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Friday, May 26, 2017

The Wisdom of the Ancients

I recall watching an excellent PBS news piece done about 8 months after the Great Japan Tsunami of 2011 (link here) that outlines some excellent ways researchers in Japan and the US are creating to save lives in Tsunami zones. 

The video begins by looking at systems of breakwaters and barriers—some static and some activated in the event of a tsunami to reduce the impact (e.g., lower the force and depth) of the wave.  The cost of such systems, however, is significant and it’s unrealistic to think such technology could be employed nationwide.  That said, where such structures existed in 2011, damage was reduced.

In some coastal towns in Japan, leaders are relying on retrofitted building or specially designed new construction (buildings and towers) that will provide “vertical escape” for residents to rise above the danger of inundation.  The structures must, of course, withstand both an earthquake and the power of the resulting tsunami, if generated.  An example used earlier in an entry on this page made note of cities in the US that are creating public buildings that are above the anticipated level of tsunami flooding. 

Obviously, anything that can be done to provide a safe place during a tsunami event is worth the investment.  In the case of the new town hall, it’s a simple matter of making a deliberate design decision to build a more robust, raised structure when you’re already planning (and paying for) a particular project; and, therefore, the cost impact would be marginal.  What this option does not do, however, is protect homes and commercial structures in the impact area.  Thus, the damage could still be costly to repair.


The most important part of this video came toward the end, when the commentator was standing on higher ground above the point where the flooded town once stood.  He noted stones along the road that had been placed centuries before by the ancestors of many who live in that region of the country.  The stones warn future generations not to build their houses any lower than the elevation of the stones.  As history has borne out, those who listened to the advice, still have their lives and villages intact; while the homes and many of the lives of those that did not have been destroyed.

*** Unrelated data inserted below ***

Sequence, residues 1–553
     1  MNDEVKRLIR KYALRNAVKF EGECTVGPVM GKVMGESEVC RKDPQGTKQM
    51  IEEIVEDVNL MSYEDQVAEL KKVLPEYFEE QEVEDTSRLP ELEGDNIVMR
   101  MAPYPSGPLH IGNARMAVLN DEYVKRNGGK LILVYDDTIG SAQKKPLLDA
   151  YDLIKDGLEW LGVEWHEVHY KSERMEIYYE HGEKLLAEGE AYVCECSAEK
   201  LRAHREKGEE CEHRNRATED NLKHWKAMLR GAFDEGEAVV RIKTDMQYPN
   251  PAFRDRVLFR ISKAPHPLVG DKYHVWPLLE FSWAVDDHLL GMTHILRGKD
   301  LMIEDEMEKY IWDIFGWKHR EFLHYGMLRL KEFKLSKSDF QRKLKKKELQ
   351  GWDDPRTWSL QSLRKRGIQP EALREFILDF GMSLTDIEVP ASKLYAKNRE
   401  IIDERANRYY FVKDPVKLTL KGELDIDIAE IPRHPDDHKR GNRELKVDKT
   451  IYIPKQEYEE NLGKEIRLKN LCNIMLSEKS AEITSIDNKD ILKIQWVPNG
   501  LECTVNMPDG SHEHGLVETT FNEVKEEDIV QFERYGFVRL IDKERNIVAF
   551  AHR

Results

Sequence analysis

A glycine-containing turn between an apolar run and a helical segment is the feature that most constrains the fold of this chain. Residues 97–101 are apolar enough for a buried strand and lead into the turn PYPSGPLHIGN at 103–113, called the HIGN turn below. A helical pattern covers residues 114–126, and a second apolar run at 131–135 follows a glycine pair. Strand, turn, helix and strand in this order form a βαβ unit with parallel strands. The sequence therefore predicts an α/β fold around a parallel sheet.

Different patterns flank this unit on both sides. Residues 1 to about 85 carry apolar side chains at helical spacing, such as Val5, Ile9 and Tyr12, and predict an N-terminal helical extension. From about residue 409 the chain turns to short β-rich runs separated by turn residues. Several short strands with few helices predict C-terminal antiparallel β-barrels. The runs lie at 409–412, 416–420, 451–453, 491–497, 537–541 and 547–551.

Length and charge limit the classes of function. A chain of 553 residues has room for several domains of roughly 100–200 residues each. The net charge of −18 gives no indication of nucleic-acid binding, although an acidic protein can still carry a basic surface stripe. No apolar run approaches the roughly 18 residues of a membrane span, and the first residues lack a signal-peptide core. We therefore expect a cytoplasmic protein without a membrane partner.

Shortly after the 2011 earthquake and tsunami, a New York Times article featured a photo and description of these stones.  The article goes on to say:

Residents of the tiny village of Aneyoshi, Japan, say the warning from their ancestors "kept their tiny village of 11 households safely out of reach of the deadly tsunami last month that wiped out hundreds of miles of Japanese coast and rose to record heights near here. The waves stopped just 300 feet below the stone....

"Hundreds of so-called tsunami stones, some more than six centuries old, dot the coast of Japan, silent testimony to the past destruction that these lethal waves have frequented upon this earthquake-prone nation. But modern Japan, confident that advanced technology and higher seawalls would protect vulnerable areas, came to forget or ignore these ancient warnings, dooming it to repeat bitter experiences when the recent tsunami struck....

"The flat stones, some as tall as 10 feet, are a common sight along Japan’s northeastern shore, which bore the brunt of the magnitude-9.0 earthquake and tsunami on March 11 that left almost 29,000 people dead or missing.  While some are so old that the characters are worn away, most were erected about a century ago after two deadly tsunamis here, including one in 1896 that killed 22,000 people. Many carry simple warnings to drop everything and seek higher ground after a strong earthquake. Others provide grim reminders of the waves’ destructive force by listing past death tolls or marking mass graves....

"Local scholars said only a handful of villages like Aneyoshi heeded these old warnings by keeping their houses safely on high ground. More commonly, the stones and other warnings were disregarded as coastal towns grew in the boom years after World War II. Even communities that had moved to high ground eventually relocated to the seaside to be nearer their boats and nets....